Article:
The Casino Industry

A casino is a place where people can gamble, and it’s also a popular destination for tourists. From the flashing lights of Las Vegas to the illegal pai gow parlors in New York’s Chinatown, there are more than 1,000 casinos worldwide.

Besides offering gambling, many casinos have restaurants, bars and nightclubs, and some even host live entertainment. But not all casinos are equal: Some, like the Monte Carlo Casino in Monaco, are elegant, and others are run-down and seedy.

The casino industry is a huge business. In 2005, it generated more than $1 trillion in gross revenues. Its customers are primarily middle- and upper-class Americans who enjoy visiting places where they can spend their money, relax and have fun. The typical casino patron is a forty-six-year-old woman from a household with an above-average income.

Casinos use a variety of tricks to entice patrons, including bright lights, music and other noises, and a variety of slot machines and table games. The casinos on the Las Vegas strip, for example, use more than 15,000 miles (24,100 km) of neon tubing to illuminate their games.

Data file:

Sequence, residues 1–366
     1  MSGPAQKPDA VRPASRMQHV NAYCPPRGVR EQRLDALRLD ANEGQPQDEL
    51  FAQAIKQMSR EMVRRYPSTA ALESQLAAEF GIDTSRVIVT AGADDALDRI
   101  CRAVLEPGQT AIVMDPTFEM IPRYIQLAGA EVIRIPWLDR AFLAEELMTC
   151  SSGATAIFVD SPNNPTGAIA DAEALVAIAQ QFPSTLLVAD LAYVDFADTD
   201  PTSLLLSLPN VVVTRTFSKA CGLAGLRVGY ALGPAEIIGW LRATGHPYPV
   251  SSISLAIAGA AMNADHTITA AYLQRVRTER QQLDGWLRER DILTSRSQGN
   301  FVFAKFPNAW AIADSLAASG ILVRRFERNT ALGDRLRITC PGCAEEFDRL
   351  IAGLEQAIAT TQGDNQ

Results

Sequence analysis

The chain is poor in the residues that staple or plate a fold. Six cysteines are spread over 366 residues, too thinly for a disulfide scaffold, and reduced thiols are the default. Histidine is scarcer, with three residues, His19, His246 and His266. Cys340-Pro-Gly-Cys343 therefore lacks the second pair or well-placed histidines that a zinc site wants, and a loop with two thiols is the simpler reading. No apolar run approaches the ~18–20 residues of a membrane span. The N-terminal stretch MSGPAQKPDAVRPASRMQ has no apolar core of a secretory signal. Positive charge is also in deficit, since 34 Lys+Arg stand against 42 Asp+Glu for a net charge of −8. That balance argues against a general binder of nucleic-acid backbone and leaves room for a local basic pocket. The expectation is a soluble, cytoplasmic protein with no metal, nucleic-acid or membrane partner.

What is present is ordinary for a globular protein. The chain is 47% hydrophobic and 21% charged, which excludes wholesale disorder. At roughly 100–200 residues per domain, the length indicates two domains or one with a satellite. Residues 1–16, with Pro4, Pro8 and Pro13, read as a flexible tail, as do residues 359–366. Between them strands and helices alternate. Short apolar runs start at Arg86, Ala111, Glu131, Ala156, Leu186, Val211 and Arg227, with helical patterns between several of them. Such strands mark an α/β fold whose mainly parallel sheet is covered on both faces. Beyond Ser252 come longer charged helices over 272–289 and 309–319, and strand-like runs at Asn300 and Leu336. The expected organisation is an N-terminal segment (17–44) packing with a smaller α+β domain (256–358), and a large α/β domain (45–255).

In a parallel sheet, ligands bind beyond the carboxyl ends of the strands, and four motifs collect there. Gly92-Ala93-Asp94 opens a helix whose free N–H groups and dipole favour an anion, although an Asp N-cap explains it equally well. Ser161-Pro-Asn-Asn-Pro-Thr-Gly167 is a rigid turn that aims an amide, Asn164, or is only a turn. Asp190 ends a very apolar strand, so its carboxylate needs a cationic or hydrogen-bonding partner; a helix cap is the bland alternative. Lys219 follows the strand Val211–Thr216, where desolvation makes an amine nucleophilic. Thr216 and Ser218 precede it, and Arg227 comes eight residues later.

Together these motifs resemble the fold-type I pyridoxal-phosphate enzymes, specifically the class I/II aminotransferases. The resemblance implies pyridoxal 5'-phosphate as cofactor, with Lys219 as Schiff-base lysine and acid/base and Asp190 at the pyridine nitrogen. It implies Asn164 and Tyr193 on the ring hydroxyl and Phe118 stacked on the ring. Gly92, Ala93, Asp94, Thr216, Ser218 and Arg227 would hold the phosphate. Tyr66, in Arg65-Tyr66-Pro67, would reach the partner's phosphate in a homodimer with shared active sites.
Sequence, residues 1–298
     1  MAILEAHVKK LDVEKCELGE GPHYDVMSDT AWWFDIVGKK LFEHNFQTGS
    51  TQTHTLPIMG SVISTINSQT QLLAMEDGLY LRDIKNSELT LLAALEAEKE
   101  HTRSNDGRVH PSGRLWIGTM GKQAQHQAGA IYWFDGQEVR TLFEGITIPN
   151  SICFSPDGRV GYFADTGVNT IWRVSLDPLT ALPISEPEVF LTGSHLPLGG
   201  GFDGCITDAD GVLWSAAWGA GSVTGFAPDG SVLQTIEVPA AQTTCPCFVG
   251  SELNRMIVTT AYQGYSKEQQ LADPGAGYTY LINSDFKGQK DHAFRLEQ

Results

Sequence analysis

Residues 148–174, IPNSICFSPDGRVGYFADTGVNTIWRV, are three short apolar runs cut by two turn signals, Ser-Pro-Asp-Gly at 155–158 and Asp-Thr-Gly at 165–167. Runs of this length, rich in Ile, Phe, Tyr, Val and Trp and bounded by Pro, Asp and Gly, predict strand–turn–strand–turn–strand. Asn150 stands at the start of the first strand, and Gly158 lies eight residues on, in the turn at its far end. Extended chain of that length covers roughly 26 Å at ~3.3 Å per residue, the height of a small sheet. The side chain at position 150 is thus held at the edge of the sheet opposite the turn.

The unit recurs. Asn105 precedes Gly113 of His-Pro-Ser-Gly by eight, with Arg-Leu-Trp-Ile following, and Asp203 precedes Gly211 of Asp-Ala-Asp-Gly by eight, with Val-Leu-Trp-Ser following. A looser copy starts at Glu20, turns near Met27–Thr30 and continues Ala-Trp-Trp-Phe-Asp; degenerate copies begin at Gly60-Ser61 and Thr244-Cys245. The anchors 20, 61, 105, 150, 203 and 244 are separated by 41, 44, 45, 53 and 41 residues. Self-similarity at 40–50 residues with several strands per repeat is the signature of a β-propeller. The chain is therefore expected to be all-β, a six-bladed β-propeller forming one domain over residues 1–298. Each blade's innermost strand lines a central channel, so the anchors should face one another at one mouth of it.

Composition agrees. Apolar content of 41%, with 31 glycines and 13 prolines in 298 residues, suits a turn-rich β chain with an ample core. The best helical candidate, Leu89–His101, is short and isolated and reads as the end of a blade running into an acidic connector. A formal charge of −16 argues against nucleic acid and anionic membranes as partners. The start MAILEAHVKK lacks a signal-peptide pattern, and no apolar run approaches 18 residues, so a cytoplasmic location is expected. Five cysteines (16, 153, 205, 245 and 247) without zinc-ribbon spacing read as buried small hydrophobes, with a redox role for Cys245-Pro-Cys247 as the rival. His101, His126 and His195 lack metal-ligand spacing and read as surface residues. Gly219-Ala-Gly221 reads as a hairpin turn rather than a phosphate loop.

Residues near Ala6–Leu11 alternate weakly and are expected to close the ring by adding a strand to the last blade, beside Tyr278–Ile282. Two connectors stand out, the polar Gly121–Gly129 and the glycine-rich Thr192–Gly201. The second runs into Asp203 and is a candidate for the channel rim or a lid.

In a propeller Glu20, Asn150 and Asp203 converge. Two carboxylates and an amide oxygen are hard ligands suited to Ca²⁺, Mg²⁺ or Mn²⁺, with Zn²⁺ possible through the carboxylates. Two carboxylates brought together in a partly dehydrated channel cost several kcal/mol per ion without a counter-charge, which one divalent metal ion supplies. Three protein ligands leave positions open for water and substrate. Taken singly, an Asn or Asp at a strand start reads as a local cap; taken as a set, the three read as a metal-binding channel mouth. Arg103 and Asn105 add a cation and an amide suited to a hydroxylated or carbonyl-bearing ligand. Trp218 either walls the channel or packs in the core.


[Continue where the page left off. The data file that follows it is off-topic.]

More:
The casinos earn their profits by charging players for the gambling privileges they provide. Each game has a built-in statistical advantage for the casino, and this edge can be tiny—no more than two percent—but it adds up over the millions of bets made by gamblers each year. And something about the nature of casino gambling seems to encourage people to cheat, steal and otherwise bend the rules in their pursuit of a big jackpot.